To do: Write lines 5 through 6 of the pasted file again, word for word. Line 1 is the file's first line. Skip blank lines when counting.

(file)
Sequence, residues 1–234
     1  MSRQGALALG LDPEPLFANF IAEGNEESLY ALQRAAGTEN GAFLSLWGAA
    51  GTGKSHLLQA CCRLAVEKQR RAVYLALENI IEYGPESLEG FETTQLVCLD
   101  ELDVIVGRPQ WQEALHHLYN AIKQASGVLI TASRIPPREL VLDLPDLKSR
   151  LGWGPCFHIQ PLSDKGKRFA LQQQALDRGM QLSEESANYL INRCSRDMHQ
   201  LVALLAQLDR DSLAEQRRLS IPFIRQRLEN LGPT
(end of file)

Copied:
   151  LGWGPCFHIQ PLSDKGKRFA LQQQALDRGM QLSEESANYL INRCSRDMHQ
   201  LVALLAQLDR DSLAEQRRLS IPFIRQRLEN LGPT